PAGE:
Post my appendectomy, I got a very serious eye infection. After about 5 trips to the hospital and several ophthalmologists, I finally am on the right course of medication. Having an eye infection right after my surgery left me with such little hope and I plummeted pretty far down into depression. It was certainly situational depression, but it seemed like every day, I received more bad news.
As it turns out, I have come to realize so many things and I think the remainder of my time in Peace Corps is going to be so much better. First of all, the only time I ever wished to be back in America was when I started thinking I needed better medical care for my eye. I never wanted to give up on my village. I never wanted to give up on Tanzania. On some of my lowest of my low moments, I really wished I could see my mom and family to cheer me up. But, I never had thoughts of leaving Tanzania. In fact, I really long for my village. I am so eager to get back to my school and continue work. It's such a great feeling to be so sick and want to go back to your job because you miss it. Because the truth is, there were so many times I'd be at school or in my village and think to myself or say outloud to Jon, "what the heck are we doing here?" I am sure I will still have moments like these in future because Peace Corps isn't all about being the only white person in all of your pictures or happy villagers in African clothing, there are of course plenty of challenges. But, I have the assurance now that this IS what I want to be doing. When the possibility of being medically separated (meaning Peace Corps sends me home permanently because of poor health) goes through my mind, I get so upset and really want to get back to my village and do my work.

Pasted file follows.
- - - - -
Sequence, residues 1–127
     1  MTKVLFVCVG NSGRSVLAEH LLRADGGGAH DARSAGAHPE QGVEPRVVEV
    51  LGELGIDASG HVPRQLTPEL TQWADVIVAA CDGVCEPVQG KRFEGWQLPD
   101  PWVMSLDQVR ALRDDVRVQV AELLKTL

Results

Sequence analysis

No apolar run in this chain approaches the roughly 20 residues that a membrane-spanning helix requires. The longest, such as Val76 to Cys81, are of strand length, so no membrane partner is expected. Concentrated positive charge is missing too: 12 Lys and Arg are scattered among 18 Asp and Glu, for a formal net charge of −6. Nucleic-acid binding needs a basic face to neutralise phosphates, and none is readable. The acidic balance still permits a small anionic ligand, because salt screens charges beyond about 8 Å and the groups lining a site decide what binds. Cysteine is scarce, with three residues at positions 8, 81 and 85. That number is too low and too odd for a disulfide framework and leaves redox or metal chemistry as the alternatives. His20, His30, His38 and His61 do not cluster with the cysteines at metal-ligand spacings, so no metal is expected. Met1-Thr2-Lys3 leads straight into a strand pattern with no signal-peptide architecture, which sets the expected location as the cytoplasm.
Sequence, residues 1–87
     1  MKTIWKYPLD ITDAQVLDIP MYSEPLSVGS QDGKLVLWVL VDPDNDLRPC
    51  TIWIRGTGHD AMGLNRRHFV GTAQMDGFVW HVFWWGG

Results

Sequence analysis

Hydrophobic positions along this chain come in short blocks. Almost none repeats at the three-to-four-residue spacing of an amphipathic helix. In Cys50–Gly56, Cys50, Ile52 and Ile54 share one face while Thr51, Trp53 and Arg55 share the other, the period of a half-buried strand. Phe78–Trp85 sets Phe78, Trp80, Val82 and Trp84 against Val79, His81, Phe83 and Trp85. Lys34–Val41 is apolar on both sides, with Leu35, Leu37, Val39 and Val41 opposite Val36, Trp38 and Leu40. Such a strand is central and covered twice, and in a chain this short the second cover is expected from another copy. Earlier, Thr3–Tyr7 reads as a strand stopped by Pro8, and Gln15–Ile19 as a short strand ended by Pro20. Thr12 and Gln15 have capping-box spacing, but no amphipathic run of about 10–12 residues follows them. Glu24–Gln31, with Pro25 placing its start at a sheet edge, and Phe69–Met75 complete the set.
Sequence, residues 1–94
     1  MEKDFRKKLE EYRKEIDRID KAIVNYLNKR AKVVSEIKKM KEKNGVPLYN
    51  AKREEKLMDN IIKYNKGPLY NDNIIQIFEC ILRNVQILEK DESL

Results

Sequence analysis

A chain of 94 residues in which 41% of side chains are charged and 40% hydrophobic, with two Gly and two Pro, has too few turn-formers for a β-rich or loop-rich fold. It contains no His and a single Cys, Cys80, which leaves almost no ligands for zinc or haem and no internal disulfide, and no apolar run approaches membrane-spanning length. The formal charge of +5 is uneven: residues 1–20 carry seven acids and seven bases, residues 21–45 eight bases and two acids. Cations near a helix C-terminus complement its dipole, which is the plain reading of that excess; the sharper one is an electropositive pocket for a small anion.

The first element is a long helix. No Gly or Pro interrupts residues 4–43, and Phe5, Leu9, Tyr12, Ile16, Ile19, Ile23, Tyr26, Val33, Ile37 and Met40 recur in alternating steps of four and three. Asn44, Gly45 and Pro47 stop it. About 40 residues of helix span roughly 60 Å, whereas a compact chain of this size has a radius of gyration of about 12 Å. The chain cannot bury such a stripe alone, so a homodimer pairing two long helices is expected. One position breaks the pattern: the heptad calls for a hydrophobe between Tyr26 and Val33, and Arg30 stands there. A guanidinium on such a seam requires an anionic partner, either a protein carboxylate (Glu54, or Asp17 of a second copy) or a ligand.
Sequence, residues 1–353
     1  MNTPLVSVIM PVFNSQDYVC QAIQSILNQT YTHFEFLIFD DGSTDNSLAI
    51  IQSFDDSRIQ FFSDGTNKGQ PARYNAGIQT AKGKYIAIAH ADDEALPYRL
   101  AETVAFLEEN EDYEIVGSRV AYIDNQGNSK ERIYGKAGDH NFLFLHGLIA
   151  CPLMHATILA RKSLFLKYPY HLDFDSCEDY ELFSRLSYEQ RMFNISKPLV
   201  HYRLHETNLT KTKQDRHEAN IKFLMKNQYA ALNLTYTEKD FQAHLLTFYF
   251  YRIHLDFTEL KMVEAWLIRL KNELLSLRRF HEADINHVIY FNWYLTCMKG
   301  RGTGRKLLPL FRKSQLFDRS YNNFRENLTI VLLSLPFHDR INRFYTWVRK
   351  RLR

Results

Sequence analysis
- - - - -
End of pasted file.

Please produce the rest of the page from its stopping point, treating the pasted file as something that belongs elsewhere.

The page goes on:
Secondly, I realize I should not be complaining about not having running water, because you know what? I was at least able to fetch water from the well. Now, post-surgery, I am not allowed to carry buckets of water. At least I had my health to get water.
Thirdly, who cares about not having electricity? At least I could open my eyes and see the world around me during the days. Something I haven't been able to do in like 2-3 weeks. At least my eyes were healthy to see during the days.
I have been living the luxury of air conditioning, amazing food prepared by a maid, being picked up after by a maid, electricity, running water, internet 24/7, TV, anything you could ask for in America, yet I just long to be back in my crappy house in my little village teaching my literally poor students.
I have come to realize I have taken so much for granted. There will be much fewer posts about me griping about my living conditions in the future. I will be lucky when I have my health. I am thankful for all the support I've received from everyone at home and your constants prayers. I am thankful from the outpouring of support of my fellow volunteers here calling to check in on me, even skyping me!